As morbid as this will sound, it will be easy to remember: If you will be working or walking on a surface that is more than six feet above a lower surface, you must have fall arrest protection to safeguard you from going six feet under. The harsh and horrible reality is that not all workers at the asphalt plant consider this before climbing to the top of the silo. Is the safety railing enough to keep you from tumbling to your death should you slip or trip up there? This month’s focus on the asphalt plant gives us the perfect excuse to turn our safety spotlight on fall arrest protection.
Here are a few direct quotes from the Occupational Safety and Health Administration (OSHA) regulation part titled “Duty to have fall protection” to highlight the employer’s responsibility for safety in this area.
1926.501(b)(1): Each employee on a walking/working surface (horizontal and vertical surface) with an unprotected side or edge which is 6 feet (1.8 m) or more above a lower level shall be protected from falling by the use of guardrail systems, safety net systems, or personal fall arrest systems.
1926.501(b)(3): Each employee in a hoist area shall be protected from falling 6 feet (1.8 m) or more to lower levels by guardrail systems or personal fall arrest systems. If guardrail systems, [or chain, gate, or guardrail] or portions thereof, are removed to facilitate the hoisting operation (e.g., during landing of materials), and an employee must lean through the access opening or out over the edge of the access opening (to receive or guide equipment and materials, for example), that employee shall be protected from fall hazards by a personal fall arrest system.
1926.501(b)(4)(i): Each employee on walking/working surfaces shall be protected from falling through holes (including skylights) more than 6 feet (1.8 m) above lower levels, by fall arrest systems, covers, or guardrail systems erected around such holes.
What these excerpts should bring to mind is the plant has multiple high points—multiple areas that are six feet higher than the surface below them—in addition to the top of the silo. Workers may be conditioned to put on a fall harness before climbing the steps to work on the transfer conveyor or other components 40+ feet in the sky, but consider the multitude of other plant components that require routine maintenance, inspection and cleaning.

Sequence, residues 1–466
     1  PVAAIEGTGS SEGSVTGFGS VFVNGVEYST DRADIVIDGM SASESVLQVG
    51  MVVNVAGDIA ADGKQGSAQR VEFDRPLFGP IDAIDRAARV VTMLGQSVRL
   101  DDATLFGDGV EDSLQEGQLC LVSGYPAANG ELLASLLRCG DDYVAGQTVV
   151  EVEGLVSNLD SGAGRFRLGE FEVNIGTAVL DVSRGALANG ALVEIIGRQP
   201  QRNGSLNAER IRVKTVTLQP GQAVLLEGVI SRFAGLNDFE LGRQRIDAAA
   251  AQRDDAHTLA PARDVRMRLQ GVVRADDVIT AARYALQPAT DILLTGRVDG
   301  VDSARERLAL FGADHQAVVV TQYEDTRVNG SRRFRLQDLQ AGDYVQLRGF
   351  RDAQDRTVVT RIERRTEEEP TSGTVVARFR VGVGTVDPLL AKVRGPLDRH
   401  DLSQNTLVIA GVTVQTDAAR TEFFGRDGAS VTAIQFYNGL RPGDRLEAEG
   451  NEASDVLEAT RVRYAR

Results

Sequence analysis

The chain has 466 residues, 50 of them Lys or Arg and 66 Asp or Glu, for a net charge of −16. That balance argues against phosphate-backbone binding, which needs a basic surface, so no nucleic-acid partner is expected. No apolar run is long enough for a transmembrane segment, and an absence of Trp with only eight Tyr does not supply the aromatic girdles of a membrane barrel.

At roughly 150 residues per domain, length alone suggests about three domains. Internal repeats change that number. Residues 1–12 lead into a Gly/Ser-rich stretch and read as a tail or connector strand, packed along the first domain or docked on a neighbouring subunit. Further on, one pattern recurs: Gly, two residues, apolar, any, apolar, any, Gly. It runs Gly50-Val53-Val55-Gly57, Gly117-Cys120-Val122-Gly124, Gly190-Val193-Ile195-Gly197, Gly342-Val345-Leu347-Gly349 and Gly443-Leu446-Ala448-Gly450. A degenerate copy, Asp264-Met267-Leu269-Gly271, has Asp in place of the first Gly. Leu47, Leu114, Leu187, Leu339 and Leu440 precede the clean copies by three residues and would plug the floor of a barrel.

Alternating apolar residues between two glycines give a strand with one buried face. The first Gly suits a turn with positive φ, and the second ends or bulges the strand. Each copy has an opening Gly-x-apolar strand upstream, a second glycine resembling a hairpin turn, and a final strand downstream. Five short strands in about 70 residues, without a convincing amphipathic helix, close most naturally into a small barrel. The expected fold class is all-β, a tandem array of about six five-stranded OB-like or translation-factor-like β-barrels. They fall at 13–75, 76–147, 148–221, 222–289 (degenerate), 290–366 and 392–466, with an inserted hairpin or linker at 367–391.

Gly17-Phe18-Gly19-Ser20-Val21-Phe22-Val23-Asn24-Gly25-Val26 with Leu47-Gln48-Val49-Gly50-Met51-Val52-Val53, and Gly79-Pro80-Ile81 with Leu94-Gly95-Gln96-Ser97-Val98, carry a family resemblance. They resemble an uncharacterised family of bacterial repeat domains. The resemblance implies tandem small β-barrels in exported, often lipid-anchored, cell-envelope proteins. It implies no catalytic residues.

Does your company’s safety culture instill in each worker the instinctual habit of putting on fall protection before going to the top of the baghouse? Think of other components that require a scissor lift to reach.
Are the cold feed bins set on a hill to facilitate loading, thus one side offers a short, crippling fall and the other side’s fall could be catastrophic? If you just thought that it’s a waste of time to don fall protection before inspecting bridging in a cold feed bin, your safety program needs a review. It’s not a waste of time to protect a worker’s livelihood or life.
OSHA has a technical manual you can access online, for free. Section five, chapter four, discusses fall protection specifically. Visit here for guidance on fall protection, fall arrest systems, how to help a worker who has fallen, and how to measure/assess fall hazards.
During winter maintenance, you have the perfect opportunity to slow the typically frenetic pace of asphalt production, and take the time to train good safety habits into workers. While a percentage of the workforce may be on leave for the non-paving season, those who are on site deserve attention to safe details they can carry through the rest of the year.
Get Personal for Fall Safety
Remember, just because you have a guardrail atop the silo, tank, baghouse or other plant component, doesn’t mean you’re safe. Leaning and stretching to perform work, tripping over a tool or cord, or slipping on the very material you’re cleaning up, could put you in extreme danger. This is when you must have fall protection on your body, affixed to a secure point, to prevent tragedy. The components of a personal fall arrest system (PFAS) include:
- An anchor—“Anchors are fixed to a strong structural member. Anchors are not effective if they are attached to weak materials.”
- Connectors—You want to ensure all components are compatible; you can’t necessarily mix-and-match brands.
- A full-body harness—“A safe and effective harness will fit and is adjusted so that all straps are snug. Dangling leg straps or arm straps are signs that the harness is not being worn correctly.”
- The line—This could be a shock-absorbing lanyard, a retractable lifeline, a deceleration device, or a combination thereof.
Source: OSHA Technical Manual